Topicality is the primary concern when the disneyfication of fairy tales tales takes place. So this 2017 version of the classic French tale, is designed to suit the politics of our times. ‘Beauty’ is played by Emma Watson, who has our instant recall as Hermione in the Harry Potter series; pretty and well read. In other words, ‘Beauty’ in this film is a girl called Belle, not just beautiful, but also neat and nerdy.
Gaston is Belle’s vain and deceitful suitor in the village she leaves behind, when she is imprisoned by the ‘Beast’. It is possible that Gaston (Luke Evans) is presented as bi-sexual, because the side kick for whom he preens his vanity, LeFou (Josh Gad) is openly gay. The duo have a complicated relationship, with Gaston displaying his sadistic side; fanning his sexuality to attract LeFou, while making himself unavailable to him because of his heterosexual passion for Belle. This is an interesting, though very pat explanation for a sexual orientation.
The Gaston character is also clearly adapted, nearly three centuries after the fairy tale was developed, to a Donald Trump kind of political instigator and populist. When Belle’s father comes back to the village looking for help after his daughter has been imprisoned by the ‘Beast’ in his castle, Gaston urges the villagers to declare the old man insane for talking of unheard things like a beast living in a snow bound castle in the middle of summer. He then tries to pack him off to a lunatic asylum, with the villagers turning into a laughing gang of philistines, mocking the old man, and urging Gaston on.
Later, when the existence of the ‘Beast’ is proved to be true, Gaston changes his politics in an instant and builds up mob frenzy in the village to kill the ‘Beast’. The ‘Beast’, he says, is the evil non conformist, and must be destroyed in order to save the village. What is again interesting is the contrast that the film makes between the illiterate and stupid villagers who are, without exception, swayed by mob fury and ask no logical or reasonable question, and, on the other hand, the erudite Belle and her learned father (Kevin Kline).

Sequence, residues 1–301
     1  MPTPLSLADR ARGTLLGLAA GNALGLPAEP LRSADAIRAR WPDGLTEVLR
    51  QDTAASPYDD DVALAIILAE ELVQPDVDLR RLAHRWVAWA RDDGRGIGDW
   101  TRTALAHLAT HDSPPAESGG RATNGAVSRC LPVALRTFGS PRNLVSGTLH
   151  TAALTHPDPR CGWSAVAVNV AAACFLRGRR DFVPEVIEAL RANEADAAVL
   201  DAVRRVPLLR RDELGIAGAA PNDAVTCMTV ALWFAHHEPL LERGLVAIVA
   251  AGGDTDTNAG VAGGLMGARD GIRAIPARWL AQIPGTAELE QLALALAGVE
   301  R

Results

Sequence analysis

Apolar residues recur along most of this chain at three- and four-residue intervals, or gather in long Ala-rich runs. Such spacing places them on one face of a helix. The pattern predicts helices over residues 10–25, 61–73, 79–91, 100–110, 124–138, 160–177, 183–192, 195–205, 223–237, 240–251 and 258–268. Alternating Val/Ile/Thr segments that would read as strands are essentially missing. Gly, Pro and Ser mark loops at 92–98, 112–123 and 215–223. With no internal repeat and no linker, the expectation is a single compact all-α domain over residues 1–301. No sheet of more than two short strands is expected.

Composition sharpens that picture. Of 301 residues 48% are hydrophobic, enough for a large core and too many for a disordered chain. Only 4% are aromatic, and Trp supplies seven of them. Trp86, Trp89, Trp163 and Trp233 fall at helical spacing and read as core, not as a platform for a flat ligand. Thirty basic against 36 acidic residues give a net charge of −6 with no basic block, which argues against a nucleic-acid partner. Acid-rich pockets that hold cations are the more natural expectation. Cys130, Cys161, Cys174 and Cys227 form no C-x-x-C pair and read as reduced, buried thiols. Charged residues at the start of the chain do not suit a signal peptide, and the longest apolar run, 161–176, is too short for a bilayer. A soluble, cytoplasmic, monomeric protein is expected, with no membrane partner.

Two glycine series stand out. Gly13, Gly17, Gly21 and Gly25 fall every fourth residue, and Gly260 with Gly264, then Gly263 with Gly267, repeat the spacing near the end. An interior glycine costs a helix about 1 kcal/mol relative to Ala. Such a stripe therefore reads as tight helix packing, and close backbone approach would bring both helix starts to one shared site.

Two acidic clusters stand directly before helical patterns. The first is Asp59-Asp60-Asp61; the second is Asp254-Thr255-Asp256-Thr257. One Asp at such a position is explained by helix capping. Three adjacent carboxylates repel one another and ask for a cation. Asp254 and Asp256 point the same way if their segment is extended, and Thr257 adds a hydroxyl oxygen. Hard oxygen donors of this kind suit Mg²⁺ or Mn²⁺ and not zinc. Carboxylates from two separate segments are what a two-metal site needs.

The ‘Beast’ himself (Dan Stevens) is actually a handsome Prince who has been transformed into a beast. He has a well stocked library in his castle, and claims to have read almost all the books there, except those written in Greek. Belle starts to quote from Shakespeare’s ‘ A Midsummer Night’s Dream’: “Love looks not with the eyes, but with the mind” and the Beast completes the next line “And therefore is winged Cupid painted Blind”. But the discussion that follows is on ‘Romeo and Juliet’, giving us a distinct, and erroneous impression, that the quote is from the second play.
Beauty and the Beast is a musical, of course, but the music, though toe tapping, has the unaltered tone, rhythm, voices and beat of many of the classic Hollywood musicals of the 1960s. This is the one area where the makers seem to have neglected their upgrading exercise. They have concentrated on the aesthetics of inner and outer beauty, and the politics of internal and external beastliness.
As a result, this is an uneven film, a musical that entertains you in individual scenes, but seems to lose focus on the larger picture. While it is a pleasant watch overall, your focus drifts in and out of the film, as you try to catch up with the overt attempt to draw contemporary references from a well worn fairy tale.